“This isn’t about training people to be able to go make $7.25 an hour in the 30-plus states where that’s still minimum wage. This is about, ‘How do we provide solutions that get people to where they can actually support a family,’ ” Roach said.

He gets animated talking about this topic.

“This is about how we can recognize we need to upskill and reskill tens of millions of workers in the next decade and do it in a way that is considered and has intentionality attached to it. That’s a real key piece of this competition,” he said.

Though the jobs Roach and his team  focus on in the competition won’t be in the Tri-Cities, the Washington-based team hopes to spin the program out of the competition, whether it wins or not.

“It’s this big stage that’s being built for innovation in the labor market right at the time when it’s most needed – at the time of Covid, and the racial equity conversation we’re in midst of, and recognition of all of the embedded inequities that have been easy to ignore for a long time.

“If this works, it’s something that can be applied broadly across multiple industries,” Roach said.

Unique advantage

The Dignity of Work team has a unique advantage, Roach said.

“We are the only team anchored with an established workforce development operator like (Career Path Services),” he said.

Career Path Services is a 50-year-old nonprofit that has provided workforce services in the Tri-Cities since 2003. It’s based out of the WorkSource Columbia Basin office in Kennewick.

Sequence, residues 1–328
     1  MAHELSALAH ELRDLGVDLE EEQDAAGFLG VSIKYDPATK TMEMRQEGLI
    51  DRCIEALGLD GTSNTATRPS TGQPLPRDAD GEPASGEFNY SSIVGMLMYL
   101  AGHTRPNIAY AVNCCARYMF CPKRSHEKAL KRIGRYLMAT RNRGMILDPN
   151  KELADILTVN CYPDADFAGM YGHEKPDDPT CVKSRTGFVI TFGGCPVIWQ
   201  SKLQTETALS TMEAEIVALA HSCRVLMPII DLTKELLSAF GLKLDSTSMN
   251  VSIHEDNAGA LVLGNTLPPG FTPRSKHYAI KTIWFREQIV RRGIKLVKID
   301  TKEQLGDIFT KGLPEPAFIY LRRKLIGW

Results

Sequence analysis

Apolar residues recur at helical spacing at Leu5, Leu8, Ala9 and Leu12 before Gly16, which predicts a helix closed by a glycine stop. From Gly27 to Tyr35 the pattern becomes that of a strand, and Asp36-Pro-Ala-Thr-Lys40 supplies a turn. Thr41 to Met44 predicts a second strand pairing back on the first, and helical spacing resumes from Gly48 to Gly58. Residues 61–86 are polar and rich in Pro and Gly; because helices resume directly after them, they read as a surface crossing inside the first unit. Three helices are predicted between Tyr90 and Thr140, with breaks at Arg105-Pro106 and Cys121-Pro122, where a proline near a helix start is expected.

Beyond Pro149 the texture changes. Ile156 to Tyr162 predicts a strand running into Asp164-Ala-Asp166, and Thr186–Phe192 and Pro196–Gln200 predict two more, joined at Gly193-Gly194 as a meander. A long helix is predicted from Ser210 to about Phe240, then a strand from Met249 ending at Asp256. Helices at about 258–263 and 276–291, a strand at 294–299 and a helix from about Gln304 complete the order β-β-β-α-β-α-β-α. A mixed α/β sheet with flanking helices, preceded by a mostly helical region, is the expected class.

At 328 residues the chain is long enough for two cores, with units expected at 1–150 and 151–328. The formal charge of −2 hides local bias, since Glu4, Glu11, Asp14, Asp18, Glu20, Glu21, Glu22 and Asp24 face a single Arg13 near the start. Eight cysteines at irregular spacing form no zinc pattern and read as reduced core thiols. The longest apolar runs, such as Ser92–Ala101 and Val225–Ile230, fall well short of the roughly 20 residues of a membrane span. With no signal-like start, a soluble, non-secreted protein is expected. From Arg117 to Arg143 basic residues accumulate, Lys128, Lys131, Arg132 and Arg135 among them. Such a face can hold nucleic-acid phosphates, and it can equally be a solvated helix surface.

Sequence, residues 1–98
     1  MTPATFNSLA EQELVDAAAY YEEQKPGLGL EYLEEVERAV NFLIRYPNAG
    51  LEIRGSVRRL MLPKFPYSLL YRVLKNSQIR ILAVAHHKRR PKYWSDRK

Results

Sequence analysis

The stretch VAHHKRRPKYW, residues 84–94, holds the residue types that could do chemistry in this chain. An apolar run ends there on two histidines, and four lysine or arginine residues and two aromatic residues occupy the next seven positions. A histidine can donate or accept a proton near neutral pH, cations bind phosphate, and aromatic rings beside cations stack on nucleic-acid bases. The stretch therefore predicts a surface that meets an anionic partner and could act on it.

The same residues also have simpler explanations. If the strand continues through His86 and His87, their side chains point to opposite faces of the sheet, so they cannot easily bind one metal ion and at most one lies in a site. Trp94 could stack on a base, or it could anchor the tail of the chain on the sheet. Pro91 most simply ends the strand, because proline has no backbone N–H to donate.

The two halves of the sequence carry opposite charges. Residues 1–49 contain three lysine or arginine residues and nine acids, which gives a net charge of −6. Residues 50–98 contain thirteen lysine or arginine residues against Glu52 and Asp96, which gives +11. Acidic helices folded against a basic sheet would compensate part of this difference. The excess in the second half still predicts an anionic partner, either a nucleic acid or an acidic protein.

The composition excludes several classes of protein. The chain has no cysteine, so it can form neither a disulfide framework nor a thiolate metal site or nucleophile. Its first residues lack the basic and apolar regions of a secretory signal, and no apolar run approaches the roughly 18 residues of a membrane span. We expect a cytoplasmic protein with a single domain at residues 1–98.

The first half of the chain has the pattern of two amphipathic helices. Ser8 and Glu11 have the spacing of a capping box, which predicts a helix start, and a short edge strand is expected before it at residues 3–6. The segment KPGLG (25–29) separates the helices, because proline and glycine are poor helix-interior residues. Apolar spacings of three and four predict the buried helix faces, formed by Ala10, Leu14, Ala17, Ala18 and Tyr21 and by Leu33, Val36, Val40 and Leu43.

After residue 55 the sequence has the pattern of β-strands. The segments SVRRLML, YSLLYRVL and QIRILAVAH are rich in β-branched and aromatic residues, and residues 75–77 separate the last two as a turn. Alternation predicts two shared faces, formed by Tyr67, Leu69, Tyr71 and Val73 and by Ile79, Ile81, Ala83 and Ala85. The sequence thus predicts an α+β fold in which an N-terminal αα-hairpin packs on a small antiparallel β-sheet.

Each team in the XPRIZE contest is paired with one of six workforce development councils across the nation to implement their workforce training plan.

“We are not doing any coordinating of our solution in Washington state. We’re hopeful of being able to bring it here regardless of XPRIZE. We thought it made sense to use XPRIZE as our test and make real-time adjustments before we brought it back to our colleagues around the state,” said Kayci Loftus, director of workforce development for Career Path Services.

The Washington team is paired with Hampton Roads Workforce Council in Norfolk, Virginia.

How it works

The team began recruiting job seekers in Virginia in early May. If the team advances through the process, they’ll expand from 350 job seekers to 5,000 job seekers.

“We’re focused on construction right now as the sole industry for the first round. If we’re one of five teams that move into the next round, it will be across three industries,” Roach said.

Loftus said the main industries in need of workers are technology, health care, manufacturing and construction.

Once job seekers are identified, they’ll begin a two-part training with Dignity of Work.

They’ll go through a virtual construction boot camp to learn construction basics and jobs available in the industry. ANEW will provide the online training curriculum.